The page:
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Eleanor writes in a variety of genres. During her educational career Eleanor was published in several educational journals. All 14 of the educational books she wrote based on the activities she developed with her gifted students in Heard County, Carroll County, and Marietta City School Systems in Georgia are available from Educational Impressions. For three years after Eleanor retired, she wrote a monthly column, "Vintage Finds," on antiques and travel for the VINTAGE TIMES, an antiques and collectibles trade paper. Next, Eleanor turned her pen to poetry: BREAD AND ROSES, TOO (2005), EYE OF THE BEHOLDER (2010), GREEN THUMBS (2011) and DRIVING WITH MY BLINKER ON (2013). "I Want to Dance" (page 10, BREAD AND ROSES, TOO) won the Gwin Anderson Oliver Poetry Award. Two poems were nominated for Georgia Author of the Year in Poetry (EYE OF THE BEHOLDER 2010; GREEN THUMBS 2011, DRIVING WITH MY BLINKER ON 2013) Eleanor's poem Don't Fix Me Up, in DRIVING WITH MY BLINKER ON, was nominated for the Wergle Flomp Humor Poetry Award in 2013. Eleanor also writes essays, short sketches, and short stories. She is a member of Just Poetry, West Georgia Writers, Georgia Writers Association and the Carrollton Writers Guild.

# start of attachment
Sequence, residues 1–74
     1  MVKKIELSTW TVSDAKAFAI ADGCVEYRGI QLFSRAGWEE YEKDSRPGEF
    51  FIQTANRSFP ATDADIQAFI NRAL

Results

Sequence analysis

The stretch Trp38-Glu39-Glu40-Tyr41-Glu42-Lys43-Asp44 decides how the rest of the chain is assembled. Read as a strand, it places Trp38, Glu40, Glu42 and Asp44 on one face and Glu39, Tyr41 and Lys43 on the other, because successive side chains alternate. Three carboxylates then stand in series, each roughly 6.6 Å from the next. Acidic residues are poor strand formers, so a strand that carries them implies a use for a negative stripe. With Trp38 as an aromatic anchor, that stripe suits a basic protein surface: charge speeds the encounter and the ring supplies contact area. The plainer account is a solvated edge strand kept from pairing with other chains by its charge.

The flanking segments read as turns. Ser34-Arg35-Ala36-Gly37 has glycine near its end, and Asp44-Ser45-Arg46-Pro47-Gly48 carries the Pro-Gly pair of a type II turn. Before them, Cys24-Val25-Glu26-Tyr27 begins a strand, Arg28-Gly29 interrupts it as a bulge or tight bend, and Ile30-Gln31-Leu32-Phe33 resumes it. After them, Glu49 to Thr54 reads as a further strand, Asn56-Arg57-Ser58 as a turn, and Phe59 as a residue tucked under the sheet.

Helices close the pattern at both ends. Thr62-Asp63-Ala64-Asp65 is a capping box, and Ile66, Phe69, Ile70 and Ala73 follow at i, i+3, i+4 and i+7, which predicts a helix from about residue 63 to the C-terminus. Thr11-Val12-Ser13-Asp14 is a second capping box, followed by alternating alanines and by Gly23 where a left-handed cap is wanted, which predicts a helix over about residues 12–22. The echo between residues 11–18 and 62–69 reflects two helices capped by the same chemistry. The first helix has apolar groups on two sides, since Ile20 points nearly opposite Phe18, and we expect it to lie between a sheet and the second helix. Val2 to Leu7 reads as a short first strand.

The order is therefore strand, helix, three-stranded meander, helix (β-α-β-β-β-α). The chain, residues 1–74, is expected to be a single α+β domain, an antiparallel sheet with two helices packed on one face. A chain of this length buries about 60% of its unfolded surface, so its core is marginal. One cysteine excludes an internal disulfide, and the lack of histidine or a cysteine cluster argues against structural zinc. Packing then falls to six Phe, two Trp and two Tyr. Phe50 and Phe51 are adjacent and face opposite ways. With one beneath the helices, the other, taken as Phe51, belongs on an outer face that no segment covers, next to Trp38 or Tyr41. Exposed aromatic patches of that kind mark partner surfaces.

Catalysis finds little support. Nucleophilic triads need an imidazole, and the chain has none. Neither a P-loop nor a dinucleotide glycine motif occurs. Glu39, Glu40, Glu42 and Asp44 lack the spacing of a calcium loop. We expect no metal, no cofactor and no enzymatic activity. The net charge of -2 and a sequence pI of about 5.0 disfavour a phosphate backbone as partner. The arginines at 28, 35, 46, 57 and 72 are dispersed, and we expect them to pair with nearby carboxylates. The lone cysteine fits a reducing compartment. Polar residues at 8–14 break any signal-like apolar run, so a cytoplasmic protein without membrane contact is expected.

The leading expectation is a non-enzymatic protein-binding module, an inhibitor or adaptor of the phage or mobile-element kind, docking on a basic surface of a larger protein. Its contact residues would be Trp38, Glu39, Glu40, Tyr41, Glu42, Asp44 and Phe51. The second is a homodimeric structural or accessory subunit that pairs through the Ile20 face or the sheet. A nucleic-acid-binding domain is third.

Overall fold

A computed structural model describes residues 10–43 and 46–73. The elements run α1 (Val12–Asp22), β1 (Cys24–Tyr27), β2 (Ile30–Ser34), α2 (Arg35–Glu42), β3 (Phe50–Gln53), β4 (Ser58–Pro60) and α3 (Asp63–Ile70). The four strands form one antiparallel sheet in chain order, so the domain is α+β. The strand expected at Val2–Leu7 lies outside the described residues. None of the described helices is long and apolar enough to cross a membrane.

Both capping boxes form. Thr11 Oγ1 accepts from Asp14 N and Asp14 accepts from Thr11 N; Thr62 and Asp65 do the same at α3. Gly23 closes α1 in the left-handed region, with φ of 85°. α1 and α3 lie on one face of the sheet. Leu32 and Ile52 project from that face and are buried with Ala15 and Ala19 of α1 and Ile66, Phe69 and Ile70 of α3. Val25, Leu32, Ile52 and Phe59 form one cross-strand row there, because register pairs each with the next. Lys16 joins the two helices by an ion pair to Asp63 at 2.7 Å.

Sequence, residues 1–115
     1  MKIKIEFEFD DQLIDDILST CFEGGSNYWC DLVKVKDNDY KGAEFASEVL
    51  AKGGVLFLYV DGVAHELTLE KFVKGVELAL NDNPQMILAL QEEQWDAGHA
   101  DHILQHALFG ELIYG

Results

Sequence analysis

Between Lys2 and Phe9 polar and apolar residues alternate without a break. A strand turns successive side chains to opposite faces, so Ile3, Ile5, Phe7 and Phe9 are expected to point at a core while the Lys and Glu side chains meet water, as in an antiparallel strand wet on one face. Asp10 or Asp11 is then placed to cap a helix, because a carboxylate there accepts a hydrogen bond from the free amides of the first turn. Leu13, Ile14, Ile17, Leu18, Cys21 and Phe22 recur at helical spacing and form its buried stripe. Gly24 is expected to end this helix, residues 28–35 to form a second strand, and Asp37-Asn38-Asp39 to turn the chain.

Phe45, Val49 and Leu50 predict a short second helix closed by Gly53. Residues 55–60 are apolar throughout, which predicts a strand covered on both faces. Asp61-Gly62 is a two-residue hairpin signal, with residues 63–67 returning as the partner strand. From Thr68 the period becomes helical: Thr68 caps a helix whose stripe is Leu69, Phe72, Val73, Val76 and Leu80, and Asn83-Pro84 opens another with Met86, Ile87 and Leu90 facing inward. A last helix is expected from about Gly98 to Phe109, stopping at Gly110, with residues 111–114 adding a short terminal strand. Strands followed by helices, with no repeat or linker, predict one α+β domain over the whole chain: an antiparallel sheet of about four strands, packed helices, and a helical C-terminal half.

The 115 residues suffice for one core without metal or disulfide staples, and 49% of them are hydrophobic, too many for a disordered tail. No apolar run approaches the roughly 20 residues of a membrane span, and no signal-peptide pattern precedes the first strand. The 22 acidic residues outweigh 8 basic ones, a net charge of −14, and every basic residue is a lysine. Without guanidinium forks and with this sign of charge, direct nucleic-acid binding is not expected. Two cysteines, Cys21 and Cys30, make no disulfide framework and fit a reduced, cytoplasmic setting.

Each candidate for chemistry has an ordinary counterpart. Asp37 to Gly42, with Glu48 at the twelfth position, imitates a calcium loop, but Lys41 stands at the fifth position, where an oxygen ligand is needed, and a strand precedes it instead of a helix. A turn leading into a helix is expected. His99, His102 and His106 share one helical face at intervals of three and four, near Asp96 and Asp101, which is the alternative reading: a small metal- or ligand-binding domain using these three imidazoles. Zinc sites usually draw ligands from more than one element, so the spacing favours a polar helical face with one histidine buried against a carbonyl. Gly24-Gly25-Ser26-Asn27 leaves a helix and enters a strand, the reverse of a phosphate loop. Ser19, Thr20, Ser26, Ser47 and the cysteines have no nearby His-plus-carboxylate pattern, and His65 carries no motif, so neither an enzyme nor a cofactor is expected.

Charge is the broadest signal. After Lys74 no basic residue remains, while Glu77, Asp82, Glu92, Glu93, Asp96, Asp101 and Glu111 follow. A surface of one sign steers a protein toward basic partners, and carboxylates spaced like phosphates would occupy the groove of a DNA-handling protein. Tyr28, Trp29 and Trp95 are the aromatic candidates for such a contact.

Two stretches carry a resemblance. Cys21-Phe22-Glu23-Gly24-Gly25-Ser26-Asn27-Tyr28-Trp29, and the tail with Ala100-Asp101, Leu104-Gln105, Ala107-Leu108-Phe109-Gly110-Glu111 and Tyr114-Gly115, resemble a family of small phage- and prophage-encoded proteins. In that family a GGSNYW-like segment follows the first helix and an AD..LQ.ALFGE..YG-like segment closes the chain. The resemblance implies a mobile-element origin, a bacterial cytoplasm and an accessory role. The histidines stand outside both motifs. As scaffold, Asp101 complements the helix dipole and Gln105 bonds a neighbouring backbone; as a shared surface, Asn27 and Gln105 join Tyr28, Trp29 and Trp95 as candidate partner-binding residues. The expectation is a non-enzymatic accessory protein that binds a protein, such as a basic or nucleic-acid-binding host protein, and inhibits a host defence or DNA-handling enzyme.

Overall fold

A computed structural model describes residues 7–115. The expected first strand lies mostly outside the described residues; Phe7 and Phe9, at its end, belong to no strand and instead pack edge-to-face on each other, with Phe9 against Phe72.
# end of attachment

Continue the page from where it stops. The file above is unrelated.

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"Green Thumbs:" Traditional and free verse and haiku about gardeners and gardening, conservation and ecology, common names and botanical nomenclature, nature, botany, and agrology.
Eye of the Beholder
The poems in EYE OF THE BEHOLDER are about the nature of perception-- how we view ourselves and others and how they view us and how we interact with each other and the world because of our perceptions.
Driving with my Blinker on
The poems in Driving With My Blinker On are about hopes, fears, dreams, aspirations, failures, disappointments, successes, human weaknesses and strengths, relationships, maturing, growing old, and facing life with courage and humor while driving with a "blinker on."
The female mystique, from childhood through maturity, is captured in the pages of Bread and Roses, Too. Among the book's themes are a woman's hopes, fears, frustrations, regrets, vulnerabilities, strengths, and victories. The book also covers a woman's never-ending struggle to accommodate men, friends, and family. The poetry is easy to read. It is written in a variety of styles, from traditional to free verse. Each poem captures one aspect of a woman's life. Female readers will recognize themselves and their friends in many of the poems, while male readers will recognize their female relatives and friends.
Carrollton Writers Guild Inc
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